9. Synthesis, acute toxicity and anti-inflammatory effect of bornyl salicylate, a salicylic acid derivative.

    PubMed

    Vasconcelos, Renata Marcia Costa; Leite, Fagner Carvalho; Leite, Jacqueline Alves; Rodrigues Mascarenhas, Sandra; Rodrigues, Luis Cezar; Piuvezam, Marcia Regina

    2012-12-01

    Bornyl salicylate (BS) is a salicylic derivative, obtained by sterification of salicylic acid and monoterpene (-)-borneol, and its topical use in inflammatory diseases was described in the early 20th century. It is also known that borneol presents neuroprotective, genoprotective and analgesic properties. The purpose of this study was to evaluate BS in experimental models of acute inflammation. The toxicity of BS was analyzed by measuring water and food intake, weight, mortality and weight of main organs. To assess its anti-inflammatory effect, BS-treated mice were challenged with carrageenan, prostaglandin E2 (PGE2), bradikynin (BK) or histamine (HIS)-induced paw edema, zymosan-induced peritonitis and vascular permeability induced by acetic acid. Nitric oxide (NO) production was analyzed in peritoneal macrophage cultures. There was no sign of acute toxicity of BS in male and female mice. Furthermore, treatment with BS was significantly (p < 0.05) effective in reducing paw edema induced by carrageenan in early and late phases; this effect was related to PGE2 and BK, but HIS independent. Neutrophil migration and cytokine release (TNF-α, IL-1β and IL-6) induced by zymosan and fluid leakage induced by acetic acid were also reduced in BS-treated animals. In vitro, BS (10 µg/mL) reduced NO production in LPS-stimulated macrophages. These data suggest that BS has an anti-inflammatory effect, which is related, at least in part, with decrease of mediators as PGE2, NO and pro-inflammatory cytokines. However, further studies should be done to explore its potential as an anti-inflammatory drug. PMID:22712758

  10. [Reversible hearing loss in acute salicylate intoxication].

    PubMed

    Wecker, H; Laubert, A

    2004-04-01

    Acetylic acid, such as aspirin, is one of the most commonly used medication in Western societies. Aspirin overdosage causes ototoxic side effects in some patients, such as bilateral mild to moderate sensorineural hearing loss and tinnitus. Recent literature describes, that salicylates act as competitive inhibitors of Cl- anions at the anion-binding site of prestin, the motor protein of the outer hair cell. This molecular mechanism correlates well with the clinical audiological mainstays of aspirin-induced hearing loss, dose dependency, cochlear site of hearing loss and reversibility. We report about a young man with an acute moderate aspirin intoxication resulting in asymmetric hearing loss of 50 dB HL and tinnitus for five days. Otoacoustic emissions were absent on the first day of intoxication but could be measured again on the fifth day after the intoxication. As the ototoxic side effects resolve with in two or three days, no specific treatment is necessary for ototoxicity. Medical treatment of acute or chronic aspirin intoxications aims to decrease further drug absorption by gastrointestinal decontamination and to accelerate elimination by alkaline diuresis. Only in severe intoxications hemodialysis may be considered to treat neurologic, pulmonal, renal or cardial complications. PMID:15143764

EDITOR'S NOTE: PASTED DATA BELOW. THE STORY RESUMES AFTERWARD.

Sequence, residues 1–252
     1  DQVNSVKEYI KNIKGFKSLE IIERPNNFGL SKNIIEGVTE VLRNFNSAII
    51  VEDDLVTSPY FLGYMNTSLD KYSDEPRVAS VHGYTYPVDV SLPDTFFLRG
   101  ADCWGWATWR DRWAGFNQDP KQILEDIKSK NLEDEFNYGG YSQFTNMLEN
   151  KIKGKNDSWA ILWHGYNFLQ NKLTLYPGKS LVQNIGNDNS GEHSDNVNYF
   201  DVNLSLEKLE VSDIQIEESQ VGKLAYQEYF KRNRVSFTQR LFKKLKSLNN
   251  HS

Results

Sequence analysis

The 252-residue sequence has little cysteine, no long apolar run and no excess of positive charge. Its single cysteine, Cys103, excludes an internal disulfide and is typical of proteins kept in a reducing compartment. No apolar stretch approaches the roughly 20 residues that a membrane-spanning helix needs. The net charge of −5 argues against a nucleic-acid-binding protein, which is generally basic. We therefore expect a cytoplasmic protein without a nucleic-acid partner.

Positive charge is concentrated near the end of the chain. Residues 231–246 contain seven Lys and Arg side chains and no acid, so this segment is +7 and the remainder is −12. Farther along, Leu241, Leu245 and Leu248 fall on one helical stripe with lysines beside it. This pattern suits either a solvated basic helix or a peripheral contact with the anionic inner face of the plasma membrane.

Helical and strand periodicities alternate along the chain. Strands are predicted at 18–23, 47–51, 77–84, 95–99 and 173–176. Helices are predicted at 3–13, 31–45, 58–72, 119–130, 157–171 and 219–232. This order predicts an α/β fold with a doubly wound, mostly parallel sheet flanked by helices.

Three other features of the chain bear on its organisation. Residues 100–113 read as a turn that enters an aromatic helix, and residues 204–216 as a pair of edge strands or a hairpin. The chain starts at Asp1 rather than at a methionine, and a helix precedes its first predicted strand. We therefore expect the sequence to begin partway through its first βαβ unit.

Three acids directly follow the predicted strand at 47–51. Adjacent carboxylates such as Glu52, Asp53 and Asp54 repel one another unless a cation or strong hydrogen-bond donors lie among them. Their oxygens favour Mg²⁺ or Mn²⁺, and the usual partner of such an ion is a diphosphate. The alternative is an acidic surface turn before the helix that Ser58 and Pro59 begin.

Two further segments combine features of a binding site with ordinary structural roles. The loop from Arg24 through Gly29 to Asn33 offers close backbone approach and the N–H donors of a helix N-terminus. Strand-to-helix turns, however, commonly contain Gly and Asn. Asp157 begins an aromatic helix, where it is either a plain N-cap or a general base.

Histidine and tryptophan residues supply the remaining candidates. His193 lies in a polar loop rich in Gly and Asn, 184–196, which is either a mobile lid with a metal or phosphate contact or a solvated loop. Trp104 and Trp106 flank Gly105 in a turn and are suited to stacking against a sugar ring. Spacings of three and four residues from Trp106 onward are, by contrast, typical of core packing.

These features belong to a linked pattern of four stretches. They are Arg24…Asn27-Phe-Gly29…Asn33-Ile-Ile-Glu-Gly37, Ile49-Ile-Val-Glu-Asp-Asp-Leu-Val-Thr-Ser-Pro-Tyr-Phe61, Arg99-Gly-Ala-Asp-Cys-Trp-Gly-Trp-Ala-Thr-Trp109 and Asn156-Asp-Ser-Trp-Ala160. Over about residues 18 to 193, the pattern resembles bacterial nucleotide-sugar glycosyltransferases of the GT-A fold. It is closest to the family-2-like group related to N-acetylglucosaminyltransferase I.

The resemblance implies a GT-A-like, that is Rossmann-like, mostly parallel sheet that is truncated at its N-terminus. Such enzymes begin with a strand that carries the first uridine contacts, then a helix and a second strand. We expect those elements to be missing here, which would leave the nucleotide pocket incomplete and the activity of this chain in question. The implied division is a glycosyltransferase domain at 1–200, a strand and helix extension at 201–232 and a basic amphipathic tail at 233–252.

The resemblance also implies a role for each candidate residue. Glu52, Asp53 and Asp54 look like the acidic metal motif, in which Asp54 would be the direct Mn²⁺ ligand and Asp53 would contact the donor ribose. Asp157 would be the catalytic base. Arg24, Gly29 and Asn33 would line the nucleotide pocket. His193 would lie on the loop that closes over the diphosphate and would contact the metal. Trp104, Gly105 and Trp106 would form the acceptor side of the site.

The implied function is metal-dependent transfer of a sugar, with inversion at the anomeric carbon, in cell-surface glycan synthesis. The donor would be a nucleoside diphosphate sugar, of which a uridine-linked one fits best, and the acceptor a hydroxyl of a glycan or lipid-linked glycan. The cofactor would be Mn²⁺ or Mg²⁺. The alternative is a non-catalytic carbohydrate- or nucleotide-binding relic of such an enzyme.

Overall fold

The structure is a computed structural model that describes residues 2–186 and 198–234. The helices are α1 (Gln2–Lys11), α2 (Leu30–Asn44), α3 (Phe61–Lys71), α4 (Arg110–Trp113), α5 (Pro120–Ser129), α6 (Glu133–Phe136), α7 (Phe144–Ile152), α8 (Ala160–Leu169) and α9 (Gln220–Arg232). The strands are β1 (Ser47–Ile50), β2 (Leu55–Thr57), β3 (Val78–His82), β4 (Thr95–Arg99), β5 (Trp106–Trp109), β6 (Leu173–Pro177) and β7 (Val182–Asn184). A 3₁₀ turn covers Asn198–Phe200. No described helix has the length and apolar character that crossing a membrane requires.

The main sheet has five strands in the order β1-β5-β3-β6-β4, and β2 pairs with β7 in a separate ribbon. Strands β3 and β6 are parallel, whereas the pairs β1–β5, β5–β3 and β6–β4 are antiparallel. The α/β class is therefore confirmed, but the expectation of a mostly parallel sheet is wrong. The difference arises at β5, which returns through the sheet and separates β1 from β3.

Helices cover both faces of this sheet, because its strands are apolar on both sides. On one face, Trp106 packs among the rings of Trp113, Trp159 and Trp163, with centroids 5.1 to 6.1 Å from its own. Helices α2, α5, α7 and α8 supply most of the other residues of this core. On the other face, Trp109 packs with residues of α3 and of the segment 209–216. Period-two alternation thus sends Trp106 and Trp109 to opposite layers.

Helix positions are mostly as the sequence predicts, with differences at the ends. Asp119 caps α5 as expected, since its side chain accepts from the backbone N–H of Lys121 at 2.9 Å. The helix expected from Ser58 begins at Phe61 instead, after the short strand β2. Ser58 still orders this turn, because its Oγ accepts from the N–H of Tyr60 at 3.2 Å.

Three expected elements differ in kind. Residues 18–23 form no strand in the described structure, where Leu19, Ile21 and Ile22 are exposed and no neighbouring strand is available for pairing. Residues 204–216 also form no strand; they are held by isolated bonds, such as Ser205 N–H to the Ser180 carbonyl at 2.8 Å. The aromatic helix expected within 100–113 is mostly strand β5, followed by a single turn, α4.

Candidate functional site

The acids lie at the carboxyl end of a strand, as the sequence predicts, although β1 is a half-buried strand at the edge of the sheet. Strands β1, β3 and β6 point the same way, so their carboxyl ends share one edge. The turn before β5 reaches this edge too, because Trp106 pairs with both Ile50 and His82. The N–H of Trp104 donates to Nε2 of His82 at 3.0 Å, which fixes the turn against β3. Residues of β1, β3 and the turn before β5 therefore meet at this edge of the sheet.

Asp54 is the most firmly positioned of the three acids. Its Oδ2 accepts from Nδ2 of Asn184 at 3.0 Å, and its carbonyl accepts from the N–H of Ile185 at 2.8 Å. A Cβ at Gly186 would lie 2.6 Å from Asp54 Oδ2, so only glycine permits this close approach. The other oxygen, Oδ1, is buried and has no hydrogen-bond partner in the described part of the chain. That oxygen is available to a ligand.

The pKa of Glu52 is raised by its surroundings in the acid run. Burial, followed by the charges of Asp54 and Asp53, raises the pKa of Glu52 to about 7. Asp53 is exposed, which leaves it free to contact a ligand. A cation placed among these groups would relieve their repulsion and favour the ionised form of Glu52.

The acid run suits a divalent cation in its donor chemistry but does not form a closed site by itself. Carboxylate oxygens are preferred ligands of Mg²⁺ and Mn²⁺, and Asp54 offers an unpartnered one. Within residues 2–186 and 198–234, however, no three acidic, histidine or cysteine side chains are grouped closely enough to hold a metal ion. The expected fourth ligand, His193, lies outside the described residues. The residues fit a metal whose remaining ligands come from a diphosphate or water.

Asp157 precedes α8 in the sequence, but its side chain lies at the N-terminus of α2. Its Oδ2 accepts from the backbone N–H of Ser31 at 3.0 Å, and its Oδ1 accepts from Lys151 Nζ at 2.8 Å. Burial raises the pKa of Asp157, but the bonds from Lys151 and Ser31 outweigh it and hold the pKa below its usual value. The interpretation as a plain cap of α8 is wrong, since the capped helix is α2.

11. Polar modified post-cross-linked resin and its adsorption toward salicylic acid from aqueous solution: Equilibrium, kinetics and breakthrough studies.

    PubMed

    Fu, Zhenyu; He, Chunlian; Huang, Jianhan; Liu, You-Nian

    2015-08-01

    A novel polar modified post-cross-linked resin PDMPA was synthesized, characterized and evaluated for adsorption of salicylic acid from aqueous solution. PDMPA was prepared by a suspension polymerization of methyl acrylate (MA) and divinylbenzene (DVB), a Friedel-Crafts reaction and an amination reaction. After characterization of the chemical and pore structure of PDMPA, the adsorption behaviors of salicylic acid on PDMPA were determined in comparison with the precursor resins. The equilibrium adsorption capacity of salicylic acid on PDMPA was much larger than the precursor resins and the equilibrium data were correlated by both of the Langmuir and Freundlich models. The pseudo-second-order rate equation fitted the kinetic data better than the pseudo-first-order rate equation, and the micropore diffusion model could characterize the kinetic data very well. The dynamic experimental results showed that the breakthrough point and saturated point of salicylic acid on PDMPA were 40.3 and 92.4BV (1BV=10mL) at a feed concentration of 995.8mg/L and a flow rate of 1.4mL/min, and the resin column could be regenerated by 16.0BV of a mixture desorption solvent containing 0.01mol/L of NaOH (w/v) and 50% of ethanol (v/v). PMID:25863446

  12. VvMJE1 of the grapevine (Vitis vinifera) VvMES Methylesterase family encodes for Methyl Jasmonate Esterase and has a role in stress response

    Technology Transfer Automated Retrieval System (TEKTRAN)

    The known members of the plant methyl esterase (MES) family catalyze hydrolysis of a C-O ester linkage of methyl esters of several phytohormones including indole-3-acetic acid, salicylic acid, and jasmonic acid. The genome of grapevine (Vitis vinifera) was found to contain 15 MES genes, designated V...